Is the Fed Trying to Induce a Recession?
By: Charles Sells
At the end of July, the Federal Reserve raised interest rates by another 0.75 points in an ongoing attempt to cool inflation in the slowing U.S. economy. The Fed indicated more increases are coming in a post-meeting statement. The central bank has raised rates by a quarter point, a half point, and three-quarters of a point in March, May, and June respectively. The latest increase is the second “supersize increase” in 2022 and has not been matched prior to 2022 since 1994.
When the Fed raises rates, the move first affects mortgage rates and pushes them upward as well. Historically, higher interest rates have caused demand for housing to decline and existing home inventory to spike. As new-construction builders cut back on production, the demand for materials like lumber and goods such as windows and appliances falls and the cost of those good falls as well. Although housing is not necessarily the target of the rate increases, the result is that housing gets hit first.
“The most frequent way we enter into recession is the Fed raises rates to fight inflation,” explained economist Bill McBride. “Housing is not the target, but it is essentially the target.”
Even before the latest rate hike, housing was contracting this year. Year-over-year, mortgage applications are down nearly 20 percent and new construction sales are down more than 17 percent. However, unlike other times when the Fed has raised rates, in the post-pandemic economy homebuilding and home sales are not reacting the way they traditionally have.
Because of severe supply constraints and high demand for housing, there are still a record number of homes under construction. McBride said he believes this could “prevent the spike in construction job cuts that normally come before a Fed-induced recession,” especially since many of those properties are already sold.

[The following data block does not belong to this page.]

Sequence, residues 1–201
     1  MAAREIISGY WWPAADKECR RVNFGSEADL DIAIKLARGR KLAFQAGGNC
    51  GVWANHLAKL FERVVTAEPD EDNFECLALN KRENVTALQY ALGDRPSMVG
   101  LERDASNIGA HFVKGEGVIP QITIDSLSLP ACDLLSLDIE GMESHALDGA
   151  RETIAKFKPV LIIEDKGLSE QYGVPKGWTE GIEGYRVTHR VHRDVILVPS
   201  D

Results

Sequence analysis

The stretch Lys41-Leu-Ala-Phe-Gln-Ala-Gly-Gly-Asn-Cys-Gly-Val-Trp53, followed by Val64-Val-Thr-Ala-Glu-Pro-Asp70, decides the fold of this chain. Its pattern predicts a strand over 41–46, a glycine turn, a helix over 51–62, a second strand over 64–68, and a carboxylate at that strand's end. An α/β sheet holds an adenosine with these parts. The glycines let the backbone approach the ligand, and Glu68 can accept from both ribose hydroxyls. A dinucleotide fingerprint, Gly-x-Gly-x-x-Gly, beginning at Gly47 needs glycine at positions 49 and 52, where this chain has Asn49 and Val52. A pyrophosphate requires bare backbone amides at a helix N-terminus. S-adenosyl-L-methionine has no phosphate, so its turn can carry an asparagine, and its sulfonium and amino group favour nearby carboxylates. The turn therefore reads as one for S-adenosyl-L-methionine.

However, said Rick Palacios Jr., head of research at John Burns Real Estate Consulting, the end result could be both a dip in home prices and a Fed-induced recession. Palacios said the rise in home prices in many hot markets has been “purely aspirational and irrational,” which means that about 10 percent of the increase will likely “come off the top really fast.” This essentially will mean that the housing cycle “turns over” before inflation stops, which could mean more and more rate increases as the Fed struggles to halt inflation but fails to affect housing enough to do so.
For real estate investors, the key in the next few years will be to remain creative and flexible as the market changes. While so many things are changing, it will be important to remember that many elements of the economy are not behaving in historical fashion. As Palacios put it, you cannot “allow the psychology of inflation to get out in front of you.”